With the NFL and the league’s players’ union at a standstill regarding its policy on national anthem protests, two Miami Dolphins continued to kneel during the anthem pregame on Thursday.
Receivers Kenny Stills and Albert Wilson, who is entering his first season with the Dolphins, each took a knee on the sideline prior to Miami’s preseason opener against Tampa Bay.
“It was something I was going to do regardless if he was there or not,” Wilson said. “But to have somebody as passionate about the situation as I am is great that we can do it together.”
Defensive end Robert Quinn did not kneel, but he raised his right arm with a clenched fist as he did last season as a member of the Los Angeles Rams.
Premium content for only $0.99
For the most comprehensive local coverage, subscribe today.
Stills, the most visible Dolphin in the growing number of athletes that have used that moment to protest against police brutality and racial inequality, has knelt during the anthem for the majority of the team’s games over the past two seasons.
Stills and Wilson both said they did not plan to kneel side by side Thursday night.
“No, no, it just happened that way,” Stills said. “If you guys pay attention, most of the time I’m praying. I thank God for having Albert next to me. Being a part of this protest hasn’t been easy. I thought I was going to be by myself out there, and today I had an angel with me with Albert being out there. I’m grateful that he sees what’s happening and he wants to do something about it as well.”
Stills did so initially with support from Dolphins’ owner Stephen Ross, who then later stated that he wished his players would stand for the anthem. Stills continued to protest more frequently in the wake of comments made by President Donald Trump accusing players of disrespecting the American flag.
Wilson, whom the Dolphins signed during the offseason, sat for the anthem at least once last year doing so as a member of the Kansas City Chiefs before their Week 5 game against the Houston Texans.
“I’m on a platform that I have the right to protest,” Wilson said. “It’s a peaceful protest. We’re not harming anybody. We just want people to continue to know what’s going on.”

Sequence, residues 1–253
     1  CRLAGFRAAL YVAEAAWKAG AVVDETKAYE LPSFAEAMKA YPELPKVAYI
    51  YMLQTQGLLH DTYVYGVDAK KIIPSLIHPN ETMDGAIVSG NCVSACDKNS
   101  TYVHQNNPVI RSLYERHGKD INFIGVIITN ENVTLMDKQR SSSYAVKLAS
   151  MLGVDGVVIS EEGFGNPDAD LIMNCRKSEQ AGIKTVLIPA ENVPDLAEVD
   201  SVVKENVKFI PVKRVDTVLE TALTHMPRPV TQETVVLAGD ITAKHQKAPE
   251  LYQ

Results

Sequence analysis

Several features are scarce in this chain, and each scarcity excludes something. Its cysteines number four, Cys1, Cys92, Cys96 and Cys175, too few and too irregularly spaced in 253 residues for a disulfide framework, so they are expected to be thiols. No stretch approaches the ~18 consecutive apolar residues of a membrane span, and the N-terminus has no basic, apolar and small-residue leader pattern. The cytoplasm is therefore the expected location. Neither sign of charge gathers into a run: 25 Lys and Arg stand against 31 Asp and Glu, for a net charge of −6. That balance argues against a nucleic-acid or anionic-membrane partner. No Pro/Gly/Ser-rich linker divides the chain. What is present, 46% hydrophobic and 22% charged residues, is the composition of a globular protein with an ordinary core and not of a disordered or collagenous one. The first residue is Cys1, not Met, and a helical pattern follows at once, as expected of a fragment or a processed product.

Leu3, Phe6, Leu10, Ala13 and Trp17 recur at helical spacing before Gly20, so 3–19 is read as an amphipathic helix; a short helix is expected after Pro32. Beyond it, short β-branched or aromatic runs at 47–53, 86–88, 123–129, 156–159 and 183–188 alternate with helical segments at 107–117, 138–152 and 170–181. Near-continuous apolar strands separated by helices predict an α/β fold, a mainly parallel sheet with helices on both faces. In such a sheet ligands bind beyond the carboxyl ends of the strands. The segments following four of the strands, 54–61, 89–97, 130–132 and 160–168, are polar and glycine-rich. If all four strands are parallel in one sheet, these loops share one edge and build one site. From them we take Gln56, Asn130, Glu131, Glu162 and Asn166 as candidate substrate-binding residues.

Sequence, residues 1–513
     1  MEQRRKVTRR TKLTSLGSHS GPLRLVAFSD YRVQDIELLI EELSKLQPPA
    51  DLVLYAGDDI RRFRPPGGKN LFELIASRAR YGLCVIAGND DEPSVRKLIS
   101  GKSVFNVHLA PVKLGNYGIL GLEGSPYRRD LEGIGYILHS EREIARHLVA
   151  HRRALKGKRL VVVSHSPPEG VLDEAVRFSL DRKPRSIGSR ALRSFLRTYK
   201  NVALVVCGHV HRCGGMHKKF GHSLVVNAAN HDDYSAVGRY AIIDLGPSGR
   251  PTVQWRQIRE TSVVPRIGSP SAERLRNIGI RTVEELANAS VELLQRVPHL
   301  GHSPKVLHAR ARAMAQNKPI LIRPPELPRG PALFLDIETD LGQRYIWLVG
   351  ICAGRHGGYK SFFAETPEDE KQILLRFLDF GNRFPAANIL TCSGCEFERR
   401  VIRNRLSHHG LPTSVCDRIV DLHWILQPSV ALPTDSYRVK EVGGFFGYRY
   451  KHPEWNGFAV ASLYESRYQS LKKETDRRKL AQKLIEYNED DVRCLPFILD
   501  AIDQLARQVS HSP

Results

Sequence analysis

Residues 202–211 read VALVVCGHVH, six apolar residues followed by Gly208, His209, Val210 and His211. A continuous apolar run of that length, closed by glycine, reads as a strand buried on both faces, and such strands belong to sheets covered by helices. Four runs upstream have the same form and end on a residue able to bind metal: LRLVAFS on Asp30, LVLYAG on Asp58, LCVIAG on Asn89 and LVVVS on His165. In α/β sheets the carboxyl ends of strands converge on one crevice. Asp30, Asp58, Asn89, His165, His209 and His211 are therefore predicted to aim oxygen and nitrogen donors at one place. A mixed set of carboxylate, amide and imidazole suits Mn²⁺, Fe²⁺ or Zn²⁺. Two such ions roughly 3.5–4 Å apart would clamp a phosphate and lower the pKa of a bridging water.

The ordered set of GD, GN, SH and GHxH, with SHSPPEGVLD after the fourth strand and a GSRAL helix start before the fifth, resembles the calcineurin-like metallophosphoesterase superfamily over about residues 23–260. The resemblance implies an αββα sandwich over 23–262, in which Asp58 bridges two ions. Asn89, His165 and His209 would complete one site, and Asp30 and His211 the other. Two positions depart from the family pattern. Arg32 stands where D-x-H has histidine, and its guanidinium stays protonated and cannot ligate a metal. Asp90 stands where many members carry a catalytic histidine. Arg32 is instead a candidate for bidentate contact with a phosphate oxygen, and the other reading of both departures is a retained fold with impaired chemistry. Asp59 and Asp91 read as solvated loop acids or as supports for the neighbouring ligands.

Former San Francisco 49ers quarterback Colin Kaepernick, who was the first to refuse to stand during the anthem in 2016, tweeted late Thursday night in support of Stills and Wilson.
Kaepernick tweeted a picture of him and Stills wearing T-shirts that read: “I know my rights” with a post that read: “My brother @kstills continued his protest of systemic oppression tonight by taking a knee. Albert Wilson @iThinkIsee12 joined him in protest. Stay strong brothers! @footcandles #imwithkap #imwithereid #takeaknee”
Stills said he appreciated the support from Kaepernick.
“I talk to my brother every other week,” Stills said. “We stay in contact. I appreciate his love and support. I don’t see any reason why he and Eric Reid shouldn’t be in the league as well.”
The NFL recently suspended its rule regarding anthem protests until the league and the players’ union can come to terms on one.
The NFL issued a written statement in response to players kneeling during Thursday’s games:
“The NFL has been engaged in constructive discussions with the NFL Players Association regarding the anthem and issues of equality and social justice that are of concern to many Americans. While those discussions continue, the NFL has agreed to delay implementing or enforcing any club work rules that could result in players being disciplined for their conduct during the performance of the anthem.”
“Meanwhile, there has been no change in the NFL’s policy regarding the national anthem,” the league’s statement said. “The anthem will continue to be played before every game, and all player and non-player personnel on the field at that time are expected to stand during the presentation of the flag and performance of the anthem. Personnel who do not wish to do so can choose to remain in the locker room.
“We remain committed to working with the players to identify solutions and to continue making progress on important social issues affecting our communities.”
Miami Dolphins coach Adam Gase appeared irritated earlier this week when asked by the media if he’d give his players any instructions on that intended to kneel.
“I’m not instructing anybody for anything,” Gase said.
The NFL intended to forbid players from kneeling in the spring, saying that those that do could be suspended or fined by their team.
The Dolphins put that rule in writing before the start of training camp, but only as “a placeholder” until a more comprehensive policy was implemented, according to Ross.
The rulebook was leaked to the Associated Press and set off a firestorm that convinced the NFL to suspend the rule and work with the NFLPA to come up with a new one.
When asked after the game what would need to happen for him to no longer protest, Quinn responded:
“Bring heaven here on earth. That means you love your neighbor like you love your mother, your father. If you see look at someone struggling, you help that person because you’re doing right in life. If you see someone struggling, you don’t treat someone as if they’re lesser than you. ... Until people can act like that, we’re just going to be living on the other side of heaven.”